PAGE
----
La-dóo-ke‑a, Buffalo Bull, a Grand Pawnee Warrior

Media - 1985.66.100 - SAAM-1985.66.100_1 - 8448
Copied George Catlin, La-dóo-ke-a, Buffalo Bull, a Grand Pawnee Warrior, 1832, oil on canvas, 2924 in. (73.760.9 cm), Smithsonian American Art Museum, Gift of Mrs. Joseph Harrison, Jr., 1985.66.100
Free to use

Artwork Details

La-dóo-ke‑a, Buffalo Bull, a Grand Pawnee Warrior
Not on view
2924 in. (73.760.9 cm)
Credit Line
Gift of Mrs. Joseph Harrison, Jr.
Mediums Description
oil on canvas
  • Object — weapon — bow and arrow
  • Indian — Pawnee
  • Portrait male — Buffalo Bull — full length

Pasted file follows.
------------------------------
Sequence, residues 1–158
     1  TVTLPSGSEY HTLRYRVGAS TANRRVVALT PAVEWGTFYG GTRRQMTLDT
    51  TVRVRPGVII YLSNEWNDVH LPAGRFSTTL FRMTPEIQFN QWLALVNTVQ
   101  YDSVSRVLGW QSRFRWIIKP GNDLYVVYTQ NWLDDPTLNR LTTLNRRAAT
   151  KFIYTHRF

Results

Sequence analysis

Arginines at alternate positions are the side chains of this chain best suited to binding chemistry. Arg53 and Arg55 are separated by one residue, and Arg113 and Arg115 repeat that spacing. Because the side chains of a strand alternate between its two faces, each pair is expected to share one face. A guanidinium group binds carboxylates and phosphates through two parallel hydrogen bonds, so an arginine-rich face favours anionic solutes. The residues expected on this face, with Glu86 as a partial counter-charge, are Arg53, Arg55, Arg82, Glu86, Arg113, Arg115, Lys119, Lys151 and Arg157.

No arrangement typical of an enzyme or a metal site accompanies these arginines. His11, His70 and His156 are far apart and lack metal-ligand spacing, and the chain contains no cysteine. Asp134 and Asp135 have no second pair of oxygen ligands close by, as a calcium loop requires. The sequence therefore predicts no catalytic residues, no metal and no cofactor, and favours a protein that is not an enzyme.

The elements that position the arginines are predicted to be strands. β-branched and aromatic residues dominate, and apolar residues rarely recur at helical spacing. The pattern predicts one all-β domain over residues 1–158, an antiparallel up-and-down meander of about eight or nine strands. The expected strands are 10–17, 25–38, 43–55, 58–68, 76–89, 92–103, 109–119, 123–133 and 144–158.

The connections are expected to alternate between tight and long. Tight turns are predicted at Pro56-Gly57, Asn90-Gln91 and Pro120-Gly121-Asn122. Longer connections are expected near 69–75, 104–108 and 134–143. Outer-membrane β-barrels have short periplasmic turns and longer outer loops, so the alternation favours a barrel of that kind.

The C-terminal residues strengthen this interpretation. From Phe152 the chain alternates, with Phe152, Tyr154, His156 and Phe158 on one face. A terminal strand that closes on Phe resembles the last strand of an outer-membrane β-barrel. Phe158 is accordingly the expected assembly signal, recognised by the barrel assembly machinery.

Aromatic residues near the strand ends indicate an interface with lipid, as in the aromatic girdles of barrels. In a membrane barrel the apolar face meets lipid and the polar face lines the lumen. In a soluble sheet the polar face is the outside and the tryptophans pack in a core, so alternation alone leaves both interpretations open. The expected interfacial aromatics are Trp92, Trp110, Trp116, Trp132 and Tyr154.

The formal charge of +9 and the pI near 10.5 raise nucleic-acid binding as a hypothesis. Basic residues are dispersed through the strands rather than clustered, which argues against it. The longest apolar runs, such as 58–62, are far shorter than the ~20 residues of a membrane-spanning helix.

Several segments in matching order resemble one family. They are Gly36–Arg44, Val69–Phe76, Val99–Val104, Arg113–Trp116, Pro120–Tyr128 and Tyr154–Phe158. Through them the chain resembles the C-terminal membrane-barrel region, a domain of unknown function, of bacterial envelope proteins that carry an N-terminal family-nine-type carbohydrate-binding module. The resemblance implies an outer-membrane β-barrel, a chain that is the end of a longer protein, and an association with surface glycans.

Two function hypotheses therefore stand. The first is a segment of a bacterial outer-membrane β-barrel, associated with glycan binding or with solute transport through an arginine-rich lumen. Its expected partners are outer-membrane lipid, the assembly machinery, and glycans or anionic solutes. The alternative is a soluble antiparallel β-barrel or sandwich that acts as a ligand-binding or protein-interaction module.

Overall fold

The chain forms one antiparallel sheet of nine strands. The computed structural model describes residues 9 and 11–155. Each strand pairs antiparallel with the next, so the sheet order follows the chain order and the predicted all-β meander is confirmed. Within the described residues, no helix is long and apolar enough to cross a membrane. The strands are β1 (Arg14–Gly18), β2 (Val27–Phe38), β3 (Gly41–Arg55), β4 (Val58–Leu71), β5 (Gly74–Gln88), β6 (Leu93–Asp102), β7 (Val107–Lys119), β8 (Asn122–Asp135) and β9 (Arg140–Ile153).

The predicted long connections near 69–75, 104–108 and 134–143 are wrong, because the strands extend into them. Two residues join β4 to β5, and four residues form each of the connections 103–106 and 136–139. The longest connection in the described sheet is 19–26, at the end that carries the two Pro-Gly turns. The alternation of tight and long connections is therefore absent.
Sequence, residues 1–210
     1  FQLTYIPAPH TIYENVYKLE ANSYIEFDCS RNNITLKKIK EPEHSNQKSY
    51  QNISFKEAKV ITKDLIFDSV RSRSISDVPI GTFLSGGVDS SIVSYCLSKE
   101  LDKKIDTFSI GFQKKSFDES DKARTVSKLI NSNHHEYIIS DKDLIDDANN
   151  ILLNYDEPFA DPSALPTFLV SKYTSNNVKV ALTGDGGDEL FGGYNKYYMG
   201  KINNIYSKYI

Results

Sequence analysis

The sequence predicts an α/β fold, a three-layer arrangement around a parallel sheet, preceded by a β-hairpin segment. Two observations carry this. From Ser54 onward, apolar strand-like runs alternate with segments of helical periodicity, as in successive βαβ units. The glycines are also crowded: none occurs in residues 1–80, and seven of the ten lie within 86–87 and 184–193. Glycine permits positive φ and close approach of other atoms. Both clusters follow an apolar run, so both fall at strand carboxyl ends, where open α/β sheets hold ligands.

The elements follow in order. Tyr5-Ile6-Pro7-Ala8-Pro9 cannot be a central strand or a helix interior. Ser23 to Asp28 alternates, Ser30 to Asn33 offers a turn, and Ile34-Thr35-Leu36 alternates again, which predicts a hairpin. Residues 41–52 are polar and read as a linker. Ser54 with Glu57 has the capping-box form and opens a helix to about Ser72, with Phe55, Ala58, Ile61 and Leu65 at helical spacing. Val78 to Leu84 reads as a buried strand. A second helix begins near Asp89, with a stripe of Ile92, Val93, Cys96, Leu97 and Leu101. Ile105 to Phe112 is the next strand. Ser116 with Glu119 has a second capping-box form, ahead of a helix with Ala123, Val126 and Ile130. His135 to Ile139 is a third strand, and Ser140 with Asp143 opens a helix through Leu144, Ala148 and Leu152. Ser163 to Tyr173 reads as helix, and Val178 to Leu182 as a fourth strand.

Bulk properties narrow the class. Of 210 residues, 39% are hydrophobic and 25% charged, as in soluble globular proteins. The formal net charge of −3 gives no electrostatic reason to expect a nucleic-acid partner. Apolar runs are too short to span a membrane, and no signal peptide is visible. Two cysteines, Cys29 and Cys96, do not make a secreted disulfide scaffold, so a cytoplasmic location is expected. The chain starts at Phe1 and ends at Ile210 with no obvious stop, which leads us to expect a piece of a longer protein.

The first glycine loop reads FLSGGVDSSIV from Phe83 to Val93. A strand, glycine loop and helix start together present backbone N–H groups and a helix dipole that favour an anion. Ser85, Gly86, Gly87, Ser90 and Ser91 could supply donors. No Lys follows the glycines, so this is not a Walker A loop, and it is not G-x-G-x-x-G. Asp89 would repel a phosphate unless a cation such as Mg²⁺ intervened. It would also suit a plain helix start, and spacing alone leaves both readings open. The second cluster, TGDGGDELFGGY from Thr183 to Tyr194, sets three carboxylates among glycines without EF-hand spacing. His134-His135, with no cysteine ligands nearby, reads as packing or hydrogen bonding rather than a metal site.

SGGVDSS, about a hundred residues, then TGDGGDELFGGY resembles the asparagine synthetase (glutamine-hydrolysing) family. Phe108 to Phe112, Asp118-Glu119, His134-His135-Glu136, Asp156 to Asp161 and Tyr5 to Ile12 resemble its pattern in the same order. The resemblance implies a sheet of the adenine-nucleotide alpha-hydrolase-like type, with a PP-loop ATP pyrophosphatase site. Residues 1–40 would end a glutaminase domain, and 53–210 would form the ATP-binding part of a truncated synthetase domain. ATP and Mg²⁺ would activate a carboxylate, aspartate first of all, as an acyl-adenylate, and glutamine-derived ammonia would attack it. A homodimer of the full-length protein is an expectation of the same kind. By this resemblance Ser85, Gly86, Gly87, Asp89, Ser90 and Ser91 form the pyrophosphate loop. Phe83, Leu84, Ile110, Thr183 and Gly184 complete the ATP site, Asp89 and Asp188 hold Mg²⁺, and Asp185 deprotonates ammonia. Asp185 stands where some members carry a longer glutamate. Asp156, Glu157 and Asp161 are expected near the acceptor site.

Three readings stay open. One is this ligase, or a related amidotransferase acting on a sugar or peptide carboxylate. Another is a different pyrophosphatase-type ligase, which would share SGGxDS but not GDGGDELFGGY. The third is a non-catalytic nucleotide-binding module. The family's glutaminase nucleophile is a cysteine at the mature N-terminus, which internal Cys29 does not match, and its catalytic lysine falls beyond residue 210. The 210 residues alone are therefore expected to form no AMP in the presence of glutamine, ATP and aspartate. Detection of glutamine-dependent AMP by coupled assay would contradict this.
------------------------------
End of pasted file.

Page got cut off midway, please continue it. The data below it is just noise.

• Dress — Indian dress
Object Number

Artwork Description

Described by George Catlin “as a warrior of great distinction,” Buffalo Bull appears “with his medicine or totem (the head of a buffalo) painted on his breast and his face, with bow and arrow in his hands.” This unfinished portrait provides a key to Catlin’s working methods in the West, where he had to work quickly. During Buffalo Bull’s sitting, Catlin focused on his face and his totem (the buffalo head painted on his chest, partially hidden behind a large peace medal). The artist usually finished bodies and costume details in an urban studio. (Catlin, Letters and Notes , vol. 2, no. 34, 1841, reprint 1973; Gurney and Heyman, eds., George Catlin and His Indian Gallery , 2002)